February 27, 2023 to March 3, 2023
Europe/Moscow timezone

Experimental study of cold dense nuclear matter

Mar 3, 2023, 10:30 AM
Blokhintsev Auditorium, 4th floor

Blokhintsev Auditorium, 4th floor



Maria Patsyuk (MIT)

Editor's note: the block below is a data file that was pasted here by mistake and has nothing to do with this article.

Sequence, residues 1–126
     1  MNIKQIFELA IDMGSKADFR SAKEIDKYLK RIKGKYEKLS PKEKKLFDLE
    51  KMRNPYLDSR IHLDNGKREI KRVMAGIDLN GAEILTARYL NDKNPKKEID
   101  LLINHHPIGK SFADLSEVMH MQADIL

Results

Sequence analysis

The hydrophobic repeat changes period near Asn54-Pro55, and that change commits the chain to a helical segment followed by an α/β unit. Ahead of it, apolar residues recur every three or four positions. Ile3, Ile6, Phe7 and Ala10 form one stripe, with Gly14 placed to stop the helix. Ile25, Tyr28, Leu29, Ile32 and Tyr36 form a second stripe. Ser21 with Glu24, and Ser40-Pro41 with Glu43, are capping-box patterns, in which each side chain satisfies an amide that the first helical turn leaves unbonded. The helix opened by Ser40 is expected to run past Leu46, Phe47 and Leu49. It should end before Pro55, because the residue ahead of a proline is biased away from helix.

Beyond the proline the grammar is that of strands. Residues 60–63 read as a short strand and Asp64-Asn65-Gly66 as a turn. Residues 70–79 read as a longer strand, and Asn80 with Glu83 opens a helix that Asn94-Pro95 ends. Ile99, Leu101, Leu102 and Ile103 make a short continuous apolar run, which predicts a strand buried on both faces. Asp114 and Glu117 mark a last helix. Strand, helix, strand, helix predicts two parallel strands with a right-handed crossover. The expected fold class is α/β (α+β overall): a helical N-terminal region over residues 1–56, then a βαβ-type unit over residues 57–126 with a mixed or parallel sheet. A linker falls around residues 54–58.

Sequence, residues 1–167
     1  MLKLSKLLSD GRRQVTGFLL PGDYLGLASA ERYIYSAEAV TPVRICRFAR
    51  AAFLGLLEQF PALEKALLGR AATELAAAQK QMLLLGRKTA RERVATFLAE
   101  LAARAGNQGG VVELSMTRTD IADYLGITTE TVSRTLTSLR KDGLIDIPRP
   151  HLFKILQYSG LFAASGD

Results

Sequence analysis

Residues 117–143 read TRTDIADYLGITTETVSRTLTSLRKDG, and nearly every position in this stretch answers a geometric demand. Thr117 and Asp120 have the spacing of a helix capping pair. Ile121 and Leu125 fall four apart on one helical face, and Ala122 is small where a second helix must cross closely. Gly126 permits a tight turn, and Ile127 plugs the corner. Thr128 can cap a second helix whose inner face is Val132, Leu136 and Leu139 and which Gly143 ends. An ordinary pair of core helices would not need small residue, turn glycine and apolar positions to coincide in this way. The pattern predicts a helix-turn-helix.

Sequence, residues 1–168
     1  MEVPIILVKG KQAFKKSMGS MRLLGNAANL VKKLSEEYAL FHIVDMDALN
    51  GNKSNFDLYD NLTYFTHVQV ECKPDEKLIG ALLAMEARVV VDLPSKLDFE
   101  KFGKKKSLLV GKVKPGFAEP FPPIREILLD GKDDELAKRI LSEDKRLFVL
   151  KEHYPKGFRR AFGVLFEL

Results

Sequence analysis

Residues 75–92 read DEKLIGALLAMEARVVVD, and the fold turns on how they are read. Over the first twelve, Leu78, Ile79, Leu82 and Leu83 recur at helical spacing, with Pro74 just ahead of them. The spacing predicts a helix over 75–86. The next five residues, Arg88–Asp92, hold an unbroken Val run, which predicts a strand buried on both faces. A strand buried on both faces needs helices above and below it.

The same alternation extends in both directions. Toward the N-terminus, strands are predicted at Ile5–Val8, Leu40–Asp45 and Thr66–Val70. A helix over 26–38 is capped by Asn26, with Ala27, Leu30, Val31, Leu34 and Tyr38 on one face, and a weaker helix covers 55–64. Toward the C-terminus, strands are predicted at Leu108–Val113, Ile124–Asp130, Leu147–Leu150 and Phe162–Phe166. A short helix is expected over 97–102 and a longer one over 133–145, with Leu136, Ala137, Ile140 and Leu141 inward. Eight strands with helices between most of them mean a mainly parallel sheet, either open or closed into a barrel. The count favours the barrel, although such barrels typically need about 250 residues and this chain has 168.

The fundamental theory of nuclear interactions, Quantum Chromodynamics (QCD), operates in terms of quarks and gluons at higher resolution, and at lower resolution the relevant degrees of freedom are nucleons. Two-nucleon Short-Range Correlations (SRC) help to interconnect these two descriptions. SRCs are temporary fluctuations of strongly-interacting compact pairs of nucleons. The distance between the two SRC nucleons is comparable to their radii and individual momenta are larger than the fermi sea level. According the electron scattering experiments held in the last decade, SRCs have far-reaching impacts on many-body systems, the nucleon-nucleon interactions, and nucleon substructure. The modern experiments with ion beams open new pathways in SRC research. Inverse kinematics with ion beams and cryogenic liquid hydrogen target makes possible to study properties of the nuclear fragments after quasi-elastic knockout of a single nucleon or SRC pair. The first SRC experiment at BM@N (2018) with a carbon beam has shown that detection of an intact 11B nucleus after the interaction selects out the quasi-elastic knockout reaction with minimal contribution of initial- and final-state interactions. Also, 23 events of SRC-breakups showed agreement in SRC properties as known from electron beam experiments. The analysis of the second measurement of SRC at BM@N in 2022 with an improved setup is currently ongoing.

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